The Apollo Program


The Apollo Program

The Apollo Program, begun in 1961 as a response to the challenge of Soviet space activities, rapidly became the backbone of the American space program. Its original objective was to land a man on the Moon and return him to Earth before the end of the decade. At the time President Kennedy proposed the Apollo Program, the United States had achieved only one manned space flightÑAlan Shepard's 15-minute suborbital Mercury Redstone mission. Even the most optimistic space enthusiasts had doubts that the President's goal could be met. An entire new space technology had to be developedÑa technology that included orbital rendezvous, extravehicular activities, rocket-powered landings, and deep space navigation, among others. Furthermore, in 1961, knowledge about the lunar surface was of the most general nature, based completely on Earthbased astronomical studies and radar. No features smaller than a kilometer could be resolved, and one school of thought believed the maria to be deep pits filled with electrostatically supported dust into which astronauts might sink.

The Apollo Program was nevertheless approved, and development of the Saturn family of launch vehicles, spacecraft, and a deep-space tracking network began. The 10 missions of the manned Gemini Program were invaluable in learning how humans could operate in space. The unmanned Ranger series included three successful hard-landing missions, which produced the first high-resolution views of the lunar surface. A spectacular series of five Lunar Orbiter reconnaissance missions gave us photographs of almost the entire Moon; these photos helped to determine Apollo landing sites. In 1966 and 1967, soft-landing Surveyor spacecraft produced detailed knowledge of the lunar surface, including physical properties and chemical composition.

In 1967, the Apollo Program suffered a major setback. The Apollo 204 spacecraft caught fire during a ground test, killing astronauts Grissom, White, and Chaffee. Because of this tragedy, spacecraft greatly improved, and rigid safety procedures were developed. By 1968, the first Earth-orbital mission, Apollo 7, was flown, followed within months by the first lunarorbiting mission, Apollo 8. The Apollo 9 mission tested the Lunar Module in Earth orbit and, Apollo 10 tested the Lunar Module in lunar orbit, paving the way for the first manned landing in July 1969.

The six Apollo lunar landings, during which 12 astronauts lived, in pairs, on the Moon for as long as 3 days, were extraordinarily productive. Astronauts carried out extensive remote-sensing surveys from lunar orbit that in themselves would have been major scientific accomplishments. The landings permitted the sampling of rocks and soils far beyond that possible with unmanned sample return missions; these sample are still being productively analyzed using new techniques developed in the decades since the samples were collected. The astronauts emplaced six complex geophysical observatories that operated for years; in fact, the laser retroreflectors emplaced with the observatories are still being used for Earth-based astronomical measurements.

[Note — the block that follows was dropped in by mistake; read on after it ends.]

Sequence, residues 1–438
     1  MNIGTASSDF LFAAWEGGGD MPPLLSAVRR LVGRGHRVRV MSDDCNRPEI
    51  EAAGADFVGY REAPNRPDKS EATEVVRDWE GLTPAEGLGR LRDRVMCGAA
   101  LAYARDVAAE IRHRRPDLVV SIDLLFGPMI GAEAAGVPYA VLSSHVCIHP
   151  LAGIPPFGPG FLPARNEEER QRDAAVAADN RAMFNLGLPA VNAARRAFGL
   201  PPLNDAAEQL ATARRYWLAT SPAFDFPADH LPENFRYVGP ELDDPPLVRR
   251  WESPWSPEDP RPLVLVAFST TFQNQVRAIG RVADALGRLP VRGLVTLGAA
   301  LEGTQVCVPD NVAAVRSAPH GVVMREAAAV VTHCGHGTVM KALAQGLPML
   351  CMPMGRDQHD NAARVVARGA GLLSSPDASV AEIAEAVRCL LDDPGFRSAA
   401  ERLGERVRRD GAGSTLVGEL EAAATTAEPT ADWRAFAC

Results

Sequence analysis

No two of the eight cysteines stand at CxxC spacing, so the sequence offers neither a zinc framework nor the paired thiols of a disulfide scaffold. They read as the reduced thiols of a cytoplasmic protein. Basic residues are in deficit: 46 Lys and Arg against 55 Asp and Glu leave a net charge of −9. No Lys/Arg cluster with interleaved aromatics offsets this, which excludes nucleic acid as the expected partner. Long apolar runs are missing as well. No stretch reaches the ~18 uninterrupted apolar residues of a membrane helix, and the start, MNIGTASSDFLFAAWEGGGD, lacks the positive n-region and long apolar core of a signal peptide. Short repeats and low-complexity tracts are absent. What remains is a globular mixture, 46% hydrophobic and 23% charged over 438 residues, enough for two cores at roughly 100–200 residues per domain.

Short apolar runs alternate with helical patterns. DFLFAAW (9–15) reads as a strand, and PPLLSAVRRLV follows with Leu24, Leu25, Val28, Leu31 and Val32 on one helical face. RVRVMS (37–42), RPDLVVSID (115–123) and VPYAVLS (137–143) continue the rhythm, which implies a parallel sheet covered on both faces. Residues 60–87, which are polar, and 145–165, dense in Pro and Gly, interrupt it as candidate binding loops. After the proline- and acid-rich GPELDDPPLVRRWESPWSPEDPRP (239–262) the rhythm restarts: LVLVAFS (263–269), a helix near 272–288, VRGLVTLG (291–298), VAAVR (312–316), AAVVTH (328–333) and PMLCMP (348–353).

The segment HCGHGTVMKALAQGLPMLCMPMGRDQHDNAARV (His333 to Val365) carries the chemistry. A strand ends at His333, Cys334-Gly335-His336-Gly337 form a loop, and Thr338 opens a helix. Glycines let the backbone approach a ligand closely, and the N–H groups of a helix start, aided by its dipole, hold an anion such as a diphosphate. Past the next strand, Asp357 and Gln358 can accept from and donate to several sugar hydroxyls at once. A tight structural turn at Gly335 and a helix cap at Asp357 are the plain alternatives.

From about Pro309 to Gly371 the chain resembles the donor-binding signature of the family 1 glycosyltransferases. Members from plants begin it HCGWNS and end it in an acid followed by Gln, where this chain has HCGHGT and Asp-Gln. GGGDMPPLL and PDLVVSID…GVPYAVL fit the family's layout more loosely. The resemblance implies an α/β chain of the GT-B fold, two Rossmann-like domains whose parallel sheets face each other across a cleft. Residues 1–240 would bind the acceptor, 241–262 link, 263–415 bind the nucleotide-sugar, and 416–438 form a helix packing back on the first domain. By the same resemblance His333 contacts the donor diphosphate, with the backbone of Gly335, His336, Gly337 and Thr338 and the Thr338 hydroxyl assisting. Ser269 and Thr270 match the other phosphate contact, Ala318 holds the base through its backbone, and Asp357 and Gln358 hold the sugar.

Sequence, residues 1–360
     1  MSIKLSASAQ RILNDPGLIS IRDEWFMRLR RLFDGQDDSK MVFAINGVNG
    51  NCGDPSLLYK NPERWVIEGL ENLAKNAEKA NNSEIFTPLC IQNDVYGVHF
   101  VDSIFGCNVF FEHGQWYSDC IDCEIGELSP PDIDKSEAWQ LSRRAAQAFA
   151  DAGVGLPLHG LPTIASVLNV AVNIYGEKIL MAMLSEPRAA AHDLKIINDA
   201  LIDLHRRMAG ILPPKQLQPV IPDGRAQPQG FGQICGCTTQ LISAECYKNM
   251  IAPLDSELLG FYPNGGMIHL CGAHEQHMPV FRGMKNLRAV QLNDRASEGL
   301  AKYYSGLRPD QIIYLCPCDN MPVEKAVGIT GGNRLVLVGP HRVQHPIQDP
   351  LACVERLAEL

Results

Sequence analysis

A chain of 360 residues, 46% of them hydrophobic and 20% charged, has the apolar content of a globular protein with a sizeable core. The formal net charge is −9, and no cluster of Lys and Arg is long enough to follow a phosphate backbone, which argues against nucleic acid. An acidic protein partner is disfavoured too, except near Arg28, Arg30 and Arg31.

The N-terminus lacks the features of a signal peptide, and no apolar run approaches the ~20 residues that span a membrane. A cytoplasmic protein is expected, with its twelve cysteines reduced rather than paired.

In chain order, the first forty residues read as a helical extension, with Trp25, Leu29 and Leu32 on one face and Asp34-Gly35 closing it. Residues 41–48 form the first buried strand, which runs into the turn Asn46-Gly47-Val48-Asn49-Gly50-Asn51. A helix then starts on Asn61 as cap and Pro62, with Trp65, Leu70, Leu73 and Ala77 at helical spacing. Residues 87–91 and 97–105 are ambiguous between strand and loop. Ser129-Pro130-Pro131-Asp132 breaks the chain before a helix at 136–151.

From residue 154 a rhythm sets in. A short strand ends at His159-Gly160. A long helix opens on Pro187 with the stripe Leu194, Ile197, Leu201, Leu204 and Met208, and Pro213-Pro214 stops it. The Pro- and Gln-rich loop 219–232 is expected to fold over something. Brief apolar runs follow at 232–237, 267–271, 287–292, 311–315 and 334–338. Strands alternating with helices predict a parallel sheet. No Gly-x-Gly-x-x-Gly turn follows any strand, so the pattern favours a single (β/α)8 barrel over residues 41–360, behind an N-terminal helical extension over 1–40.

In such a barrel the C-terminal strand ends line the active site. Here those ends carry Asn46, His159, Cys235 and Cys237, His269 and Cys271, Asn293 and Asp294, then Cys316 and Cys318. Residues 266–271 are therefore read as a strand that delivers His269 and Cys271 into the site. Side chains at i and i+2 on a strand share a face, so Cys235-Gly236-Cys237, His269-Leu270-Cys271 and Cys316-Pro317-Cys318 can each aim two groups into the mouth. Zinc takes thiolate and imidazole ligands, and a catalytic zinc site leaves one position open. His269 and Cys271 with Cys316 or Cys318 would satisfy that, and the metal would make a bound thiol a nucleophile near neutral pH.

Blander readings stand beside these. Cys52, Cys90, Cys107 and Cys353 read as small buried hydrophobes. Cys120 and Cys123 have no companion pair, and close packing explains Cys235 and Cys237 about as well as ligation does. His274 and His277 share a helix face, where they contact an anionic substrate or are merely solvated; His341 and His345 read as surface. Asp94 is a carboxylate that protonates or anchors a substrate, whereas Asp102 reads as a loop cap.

The Apollo Program was the central element of a much broader space initiative that included the Gemini, Lunar Orbiter, Skylab, and Apollo-Soyuz programs. All these were either necessary preparations for the Apollo Program, or later efforts using Apollo spacecraft and launch vehicles. The Earth-orbiting elements of the "broader" Apollo Program were extremely productive. Earth terrain photography from the Gemini mission, for example, eventually lead to Landsat. Radar altimetry from Skylab mapped the gravitationally-determined shape of the sea surface from space, thus producing indirectly the first topographical view of the ocean floor. The Apollo-Soyuz mission demonstrated satellite-satellite tracking, a valuable technique used to map Earth's gravity field.

The total cost of the Apollo Program was $25 billion, spent between 1962 and 1972. The program is generally agreed to have been the supreme technological achievement of a millennium now drawing to a close, a unifying experience for the human race, and the beginning of humanity's expansion into the universe.


Fast Facts

Namesake: Apollo -- Greek God of Prophecy, Sunlight, Poetry, and Music

Lunar Mission: Three Circumlunar (no landing); Six Landings

Samples Returned: 385 Kilograms of Rock and Soil; Soil Includes Implanted Hydrogen and Helium Atoms from the Sun.


About the Image

Astronaut Harrison ("Jack") Schmitt collects samples of a huge boulder in the Moon's Littrow Valley during the Apollo 17 Mission in December 1972. This region is one of the most rugged and scenic visited by the six landings of the Apollo Program. Beyond the large boulder is the flat floor of the Littrow Valley, covered by dark mare material (lava flows). Beyond the valley are the Taurus Mountains, made up of older, heavily cratered highland rocks. The Lunar Rover, used by the astronauts to explore the surface, is visible to the right of the rock.

Significant Dates

1961: President John F. Kennedy proposed that the U.S. land a man on the Moon and return him before the end of the decade

1965: First manned Gemini mission; demonstrated two-man spacecraft, propulsion, and radar

1968: First manned Apollo mission; Earth orbit, 11days

1968: First manned flight to Moon, Apollo 8; 10 orbits, no landing

1969: First manned landing on Moon, Apollo 11

1971: First manned surface vehicle on moon, Apollo 15

1972: Last Apollo mission to Moon, Apollo 17

1975: Apollo-Soyuz Test Program, joint Soviet/ American mission


References

  1. Apollo Over the Moon: A View from Orbit, NASA SP-362, NASA Headquarters, Washington, DC. 1978.
  2. Apollo Expeditions to the Moon, NASA SP-350, NASA Headquarters, Washington, DC. 1975.
  3. Apollo 17 View of the Earth, HQL-255, NASA Headquarters, Washington, DC .